16. Acute Phase Proteins in Response to Dictyocaulus viviparus Infection in Calves

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    Waller K Persson

    2004-06-01

    Full Text Available Three experiments were carried out to examine the acute phase response, as measured by the acute phase proteins (APP haptoglobin, serum amyloid A (SAA and fibrinogen, in calves infected with lungworm, Dictyocaulus vivparus. In addition, eosinophil counts were analysed. Three different dose models were used in 3 separate experiments: I 250 D. viviparus infective third stage larvae (L3 once daily for 2 consecutive days, II 100 D. viviparus L3 once daily for 5 consecutive days, and III 2000 L3 once. All 3 dose regimes induced elevated levels of haptoglobin, SAA and fibrinogen, although there was considerable variation both between and within experiments. A significant increase was observed in all 3 APP at one or several time points in experiment I and III, whereas in experiment II, the only significant elevation was observed for fibrinogen at one occasion. The eosinophil numbers were significantly elevated in all 3 experiments. The results show that lungworm infection can induce an acute phase response, which can be monitored by the selected APP. Elevated APP levels in combination with high numbers of eosinophils in an animal with respiratory disease may be used as an indicator of lung worm infection, and help the clinician to decide on treatment. However, high numbers of eosinophils and low levels of APP do not exclude a diagnosis of lungworm. Thus, lungworm infection may not be detected if measurements of APP are used to assess calf health in herds or individual animals.

  17. Radiolabeling of gemifloxacin with technetium-99m and biological evaluation in artificially Streptococcus pneumoniae infected rats

    International Nuclear Information System (INIS)

    Syed Qaiser Shah; Muhammad Rafiullah Khan

    2011-01-01

    In the current investigation complexation of the gemifloxacin (GIN) with technetium-99 m ( 99m Tc) and its biological evaluation in artificially Streptococcus pneumoniae (S. pneumoniae) infected rats was assessed as potential S. pneumoniae infection radiotracer. Radiochemically the 99m Tc-GIN complex was further analyzed in terms of stability in saline, in vitro stability in serum at 37 deg C, in vitro binding with S. pneumoniae and biodistribution in artificially S. pneumoniae (living and heat killed) infected rats. The complex was found 97.25 ± 0.25% radiochemically stable in saline at 30 min after reconstitution. The stability of the 99m Tc-GIN complex was decreased to 90.50 ± 0.20% within 240 min after reconstitution. In serum the 99m Tc-GIN complex showed stable profile with the appearance of 18.85% free tracer within 16 h of incubation. The 99m Tc-GIN complex showed saturated in vitro binding with S. pneumoniae after different intervals. Almost five fold uptake was observed in living S. pneumoniae infected muscle of the rats as compared to the inflamed and normal muscle. No significant difference in the uptake of heat killed S. pneumoniae infected, inflamed and normal muscles of the rats. The high RCP yield in saline, in vitro permanence in serum, in vitro binding with living S. pneumoniae and biodistribution in artificially S. pneumoniae infected rats we recommend the 99m Tc-GIN as potential S. pneumoniae infection radiotracer. (author)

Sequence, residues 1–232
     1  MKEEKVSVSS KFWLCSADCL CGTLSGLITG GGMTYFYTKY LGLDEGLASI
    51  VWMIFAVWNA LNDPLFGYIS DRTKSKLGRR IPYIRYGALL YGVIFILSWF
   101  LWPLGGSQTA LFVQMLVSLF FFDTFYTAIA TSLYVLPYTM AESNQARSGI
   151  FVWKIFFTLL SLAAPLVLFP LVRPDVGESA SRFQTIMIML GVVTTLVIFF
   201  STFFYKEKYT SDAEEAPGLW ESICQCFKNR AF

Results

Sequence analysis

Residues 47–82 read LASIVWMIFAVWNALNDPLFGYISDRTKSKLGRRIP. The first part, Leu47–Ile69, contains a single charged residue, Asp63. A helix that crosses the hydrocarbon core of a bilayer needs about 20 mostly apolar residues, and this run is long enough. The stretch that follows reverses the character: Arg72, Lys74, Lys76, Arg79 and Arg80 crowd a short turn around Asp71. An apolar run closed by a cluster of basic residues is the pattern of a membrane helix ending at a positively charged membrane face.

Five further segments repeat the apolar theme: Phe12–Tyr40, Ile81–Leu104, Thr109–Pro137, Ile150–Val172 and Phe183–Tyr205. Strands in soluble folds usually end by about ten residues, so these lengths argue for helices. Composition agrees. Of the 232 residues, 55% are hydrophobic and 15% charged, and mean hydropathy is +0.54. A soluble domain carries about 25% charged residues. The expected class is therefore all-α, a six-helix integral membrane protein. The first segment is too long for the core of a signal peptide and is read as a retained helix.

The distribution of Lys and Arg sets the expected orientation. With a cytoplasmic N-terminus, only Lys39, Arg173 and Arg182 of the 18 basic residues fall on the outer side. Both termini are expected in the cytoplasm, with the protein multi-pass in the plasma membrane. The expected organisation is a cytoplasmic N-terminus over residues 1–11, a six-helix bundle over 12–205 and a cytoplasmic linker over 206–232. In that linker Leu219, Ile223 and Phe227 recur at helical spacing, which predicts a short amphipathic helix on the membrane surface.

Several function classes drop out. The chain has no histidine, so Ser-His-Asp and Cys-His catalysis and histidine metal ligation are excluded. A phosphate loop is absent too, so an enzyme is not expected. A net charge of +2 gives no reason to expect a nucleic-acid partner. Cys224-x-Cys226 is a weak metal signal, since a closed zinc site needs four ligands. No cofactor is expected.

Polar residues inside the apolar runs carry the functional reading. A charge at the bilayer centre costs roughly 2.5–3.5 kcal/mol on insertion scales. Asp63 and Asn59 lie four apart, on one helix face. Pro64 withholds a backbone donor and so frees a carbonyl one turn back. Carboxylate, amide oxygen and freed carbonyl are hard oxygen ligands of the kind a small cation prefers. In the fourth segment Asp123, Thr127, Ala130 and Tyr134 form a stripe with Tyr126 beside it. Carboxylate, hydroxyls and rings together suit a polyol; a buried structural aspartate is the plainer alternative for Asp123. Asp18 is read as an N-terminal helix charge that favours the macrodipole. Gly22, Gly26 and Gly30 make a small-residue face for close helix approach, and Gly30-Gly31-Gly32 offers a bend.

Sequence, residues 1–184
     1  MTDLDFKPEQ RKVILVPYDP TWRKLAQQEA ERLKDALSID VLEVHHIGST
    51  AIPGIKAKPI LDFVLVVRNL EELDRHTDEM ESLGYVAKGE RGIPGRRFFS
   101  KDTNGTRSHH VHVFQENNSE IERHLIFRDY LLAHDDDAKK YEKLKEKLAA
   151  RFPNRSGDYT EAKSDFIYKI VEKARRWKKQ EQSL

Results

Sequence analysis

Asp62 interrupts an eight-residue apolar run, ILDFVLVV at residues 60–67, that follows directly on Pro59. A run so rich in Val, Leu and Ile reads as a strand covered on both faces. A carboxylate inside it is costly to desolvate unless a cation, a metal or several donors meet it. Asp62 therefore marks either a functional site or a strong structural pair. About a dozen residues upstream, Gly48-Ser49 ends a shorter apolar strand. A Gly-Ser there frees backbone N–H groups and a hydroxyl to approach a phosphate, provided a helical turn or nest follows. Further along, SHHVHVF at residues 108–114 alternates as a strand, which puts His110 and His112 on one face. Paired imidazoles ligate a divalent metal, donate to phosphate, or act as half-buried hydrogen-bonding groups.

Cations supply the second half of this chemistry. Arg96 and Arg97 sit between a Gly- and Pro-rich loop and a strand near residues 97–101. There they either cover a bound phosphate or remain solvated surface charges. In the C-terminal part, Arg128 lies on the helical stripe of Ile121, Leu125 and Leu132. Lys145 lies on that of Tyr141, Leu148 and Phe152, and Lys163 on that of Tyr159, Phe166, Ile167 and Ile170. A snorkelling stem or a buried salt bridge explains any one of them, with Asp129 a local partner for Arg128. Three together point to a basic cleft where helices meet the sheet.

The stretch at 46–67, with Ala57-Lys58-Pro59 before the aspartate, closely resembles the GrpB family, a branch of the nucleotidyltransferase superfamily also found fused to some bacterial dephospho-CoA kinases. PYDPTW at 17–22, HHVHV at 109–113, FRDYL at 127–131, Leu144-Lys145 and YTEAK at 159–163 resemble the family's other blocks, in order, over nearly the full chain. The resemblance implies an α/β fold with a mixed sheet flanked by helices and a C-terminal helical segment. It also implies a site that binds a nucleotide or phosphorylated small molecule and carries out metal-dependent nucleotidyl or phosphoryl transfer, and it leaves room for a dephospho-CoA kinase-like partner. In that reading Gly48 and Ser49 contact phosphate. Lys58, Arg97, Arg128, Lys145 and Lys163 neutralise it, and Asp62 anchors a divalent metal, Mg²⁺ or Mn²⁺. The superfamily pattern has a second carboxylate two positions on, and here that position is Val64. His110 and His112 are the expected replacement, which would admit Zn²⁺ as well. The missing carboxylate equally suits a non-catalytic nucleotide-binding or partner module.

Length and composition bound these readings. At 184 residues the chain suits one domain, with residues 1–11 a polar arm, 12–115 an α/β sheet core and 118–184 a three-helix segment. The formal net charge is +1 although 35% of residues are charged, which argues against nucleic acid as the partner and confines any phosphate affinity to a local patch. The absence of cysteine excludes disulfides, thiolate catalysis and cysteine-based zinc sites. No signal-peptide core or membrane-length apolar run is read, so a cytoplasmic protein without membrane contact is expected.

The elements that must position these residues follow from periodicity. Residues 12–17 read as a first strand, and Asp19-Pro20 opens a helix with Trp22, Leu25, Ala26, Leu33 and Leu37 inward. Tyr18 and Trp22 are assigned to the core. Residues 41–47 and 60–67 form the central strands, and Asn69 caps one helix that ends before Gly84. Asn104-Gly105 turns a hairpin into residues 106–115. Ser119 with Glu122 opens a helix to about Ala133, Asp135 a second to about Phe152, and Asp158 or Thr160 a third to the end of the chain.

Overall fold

18. Worm burden and leukocyte response in Angiostrongylus malaysiensis-infected rats: the influence of testosterone.

    Science.gov (United States)

    Kamis, A B; Ahmad, R A; Badrul-Munir, M Z

    1992-01-01

    Gonadectomized male albino rats aged 7 weeks were given 1.5 mg/kg testosterone propionate daily and inoculated with 50 third-stage larvae of Angiostrongylus malaysiensis. The treatment significantly increased the number of larvae and adult worms recovered from the brain and pulmonary arteries, respectively, and the rats exhibited smaller thymus glands. The total numbers of leukocytes, monocytes, neutrophils, and especially eosinophils increased significantly post-infection, but the counts were higher in the untreated infected controls. Presumably, immunosuppressive effects of testosterone may at least partly be responsible for the higher loads of A. malaysiensis worms found in male rats as compared with females in the field.

  19. Evaluation of protective and treatment of Thyme (Thymus vulgaris) oil on Toxocara vitulorum infected rats

    International Nuclear Information System (INIS)

    Amin, M.M.; El-Kabany, H.

    2013-01-01